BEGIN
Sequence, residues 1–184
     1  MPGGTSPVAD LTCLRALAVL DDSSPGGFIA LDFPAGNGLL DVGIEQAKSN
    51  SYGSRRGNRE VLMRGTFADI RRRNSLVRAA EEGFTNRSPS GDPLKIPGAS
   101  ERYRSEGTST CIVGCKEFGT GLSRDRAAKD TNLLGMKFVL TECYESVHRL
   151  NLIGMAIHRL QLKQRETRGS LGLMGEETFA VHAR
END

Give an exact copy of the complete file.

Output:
Sequence, residues 1–184
     1  MPGGTSPVAD LTCLRALAVL DDSSPGGFIA LDFPAGNGLL DVGIEQAKSN
    51  SYGSRRGNRE VLMRGTFADI RRRNSLVRAA EEGFTNRSPS GDPLKIPGAS
   101  ERYRSEGTST CIVGCKEFGT GLSRDRAAKD TNLLGMKFVL TECYESVHRL
   151  NLIGMAIHRL QLKQRETRGS LGLMGEETFA VHAR